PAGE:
from The American Heritage® Dictionary of the English Language, 5th Edition.
- noun Any of various simple sugars, such as glucose and fructose, that have six carbon atoms per molecule.
from The Century Dictionary.
- noun A simple sugar (monosaccharide) containing six atoms of carbon.
from the GNU version of the Collaborative International Dictionary of English.
- noun (Chem.) Any member of a group of sugars containing six carbon atoms in the molecule. Some are widely distributed in nature, esp. in ripe fruits.
from Wiktionary, Creative Commons Attribution/Share-Alike License.
- noun biochemistry A
sugaror saccharidecontaining six carbon atoms.
from WordNet 3.0 Copyright 2006 by Princeton University. All rights reserved.
- noun a monosaccharide that contains six carbon atoms per molecule
from Wiktionary, Creative Commons Attribution/Share-Alike License
Warburg had shown that this yellow pigment is involved in catalysis of the oxidation of hexose-monophosphoric acid during yeast metabolism.
Harden and Young also demonstrated that the process stops before all sugar (glucose) has been used up, but it starts again on addition of inorganic phosphate, and they suggested that hexose phosphates are formed in the early steps of fermentation. von Euler had done important work on the structure of co-zymase, shown to be nicotinamide adenine dinucleotide (NAD, earlier called DPN).
In 1936, extending their quantitative analytical methods to hexose monophosphates in glycogenolysis, they discovered a new intermediate, glucose-1-phosphate, the Cori ester.
Therefore a ring opening step will be the first step catalyzed by isomerases for any pentose or hexose substrate.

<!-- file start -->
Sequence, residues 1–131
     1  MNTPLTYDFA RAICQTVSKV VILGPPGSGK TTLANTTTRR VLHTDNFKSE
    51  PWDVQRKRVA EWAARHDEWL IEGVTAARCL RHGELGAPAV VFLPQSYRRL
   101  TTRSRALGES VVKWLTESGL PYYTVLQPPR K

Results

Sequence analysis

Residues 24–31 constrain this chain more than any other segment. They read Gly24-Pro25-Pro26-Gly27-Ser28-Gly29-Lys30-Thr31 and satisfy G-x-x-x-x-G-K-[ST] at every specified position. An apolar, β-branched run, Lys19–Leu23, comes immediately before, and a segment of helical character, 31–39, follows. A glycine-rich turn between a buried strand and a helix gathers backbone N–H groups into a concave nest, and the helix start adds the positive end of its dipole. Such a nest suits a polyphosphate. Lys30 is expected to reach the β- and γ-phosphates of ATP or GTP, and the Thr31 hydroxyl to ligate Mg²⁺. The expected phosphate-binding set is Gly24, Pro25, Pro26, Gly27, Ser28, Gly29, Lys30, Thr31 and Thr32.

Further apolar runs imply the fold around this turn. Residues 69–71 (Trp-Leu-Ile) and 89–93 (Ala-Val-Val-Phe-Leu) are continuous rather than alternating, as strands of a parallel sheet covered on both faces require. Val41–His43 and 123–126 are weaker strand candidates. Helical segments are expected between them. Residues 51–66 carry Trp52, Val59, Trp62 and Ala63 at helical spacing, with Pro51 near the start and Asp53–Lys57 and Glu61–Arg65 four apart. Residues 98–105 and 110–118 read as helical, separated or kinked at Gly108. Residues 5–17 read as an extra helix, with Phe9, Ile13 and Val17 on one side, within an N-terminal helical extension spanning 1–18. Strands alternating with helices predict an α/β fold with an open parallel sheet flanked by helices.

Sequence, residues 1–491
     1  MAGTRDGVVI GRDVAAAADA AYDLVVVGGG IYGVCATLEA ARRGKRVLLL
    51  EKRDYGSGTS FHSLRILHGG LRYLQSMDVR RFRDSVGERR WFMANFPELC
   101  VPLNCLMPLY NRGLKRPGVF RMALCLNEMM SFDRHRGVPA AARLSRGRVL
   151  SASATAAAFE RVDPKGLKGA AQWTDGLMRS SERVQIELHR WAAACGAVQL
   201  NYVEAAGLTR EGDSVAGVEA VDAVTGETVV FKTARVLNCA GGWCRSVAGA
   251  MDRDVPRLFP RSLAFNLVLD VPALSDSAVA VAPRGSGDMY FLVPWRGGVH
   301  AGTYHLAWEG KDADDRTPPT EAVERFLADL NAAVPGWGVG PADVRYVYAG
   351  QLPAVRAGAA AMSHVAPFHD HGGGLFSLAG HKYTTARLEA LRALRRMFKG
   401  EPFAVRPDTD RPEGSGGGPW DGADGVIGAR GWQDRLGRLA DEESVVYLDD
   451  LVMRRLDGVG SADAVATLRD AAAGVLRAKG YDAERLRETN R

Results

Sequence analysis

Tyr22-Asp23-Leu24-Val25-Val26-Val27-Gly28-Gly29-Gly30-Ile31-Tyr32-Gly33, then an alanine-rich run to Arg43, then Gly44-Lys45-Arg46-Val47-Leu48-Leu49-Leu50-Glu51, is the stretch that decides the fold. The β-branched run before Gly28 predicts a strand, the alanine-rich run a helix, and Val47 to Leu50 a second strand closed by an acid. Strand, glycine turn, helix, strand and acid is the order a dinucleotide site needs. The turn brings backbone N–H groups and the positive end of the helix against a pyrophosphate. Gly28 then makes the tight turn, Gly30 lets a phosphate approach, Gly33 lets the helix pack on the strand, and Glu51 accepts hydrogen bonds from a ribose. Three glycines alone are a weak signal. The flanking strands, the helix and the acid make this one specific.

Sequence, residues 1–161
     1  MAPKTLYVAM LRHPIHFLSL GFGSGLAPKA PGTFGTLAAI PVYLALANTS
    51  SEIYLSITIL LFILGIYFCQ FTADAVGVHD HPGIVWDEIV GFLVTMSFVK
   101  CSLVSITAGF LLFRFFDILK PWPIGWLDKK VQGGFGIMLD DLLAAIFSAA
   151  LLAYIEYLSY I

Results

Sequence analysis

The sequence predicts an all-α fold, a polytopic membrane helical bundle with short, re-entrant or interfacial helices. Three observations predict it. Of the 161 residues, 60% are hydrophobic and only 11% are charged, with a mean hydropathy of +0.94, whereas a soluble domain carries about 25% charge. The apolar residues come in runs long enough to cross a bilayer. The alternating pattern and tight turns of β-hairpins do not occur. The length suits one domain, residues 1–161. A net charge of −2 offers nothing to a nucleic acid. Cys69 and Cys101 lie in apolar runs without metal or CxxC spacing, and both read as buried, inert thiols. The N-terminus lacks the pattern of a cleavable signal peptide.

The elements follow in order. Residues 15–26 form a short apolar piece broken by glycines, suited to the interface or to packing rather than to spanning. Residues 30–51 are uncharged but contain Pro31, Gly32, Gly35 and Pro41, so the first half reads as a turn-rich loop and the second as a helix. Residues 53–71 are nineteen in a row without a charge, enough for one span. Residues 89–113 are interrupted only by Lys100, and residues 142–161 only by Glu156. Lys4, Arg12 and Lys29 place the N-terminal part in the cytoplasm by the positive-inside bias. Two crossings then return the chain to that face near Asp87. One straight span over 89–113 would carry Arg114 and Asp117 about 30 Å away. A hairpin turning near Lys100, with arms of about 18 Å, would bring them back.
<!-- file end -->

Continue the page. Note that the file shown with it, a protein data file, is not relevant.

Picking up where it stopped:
As explained earlier, dilute acid hydrolysis is very effective in breaking the glycosidic linkages between component hexoses, but it also breaks down the sugar hexose units.
Ethanol (ethyl alcohol, grain alcohol) is produced by yeast fermentation of hexose sugars (such as those derived from cereal grains, sugarcane, or sugar beet) and subsequent separation from the aqueous solution by distillation.
Potentially, any source of hexose sugars can be used.
Nirenberg's thesis, performed under the guidance of Dr. James Hogg, was a study of a permease for hexose transport in ascites tumor cells.
Of Meyerhof's many achievements, perhaps the most important is his proof that, in isolated but otherwise intact frog muscle, the lactic acid formed is reconverted to carbohydrate in the presence of oxygen, and his preparation of a KC1 extract of muscle which could carry out all the steps of glycolysis with added glycogen and hexose-diphosphate in the presence of hexokinase derived from yeast.
These were the hexose constituents of the hydrolysed complex, the pentoses (or 'furfuroids') surviving intact.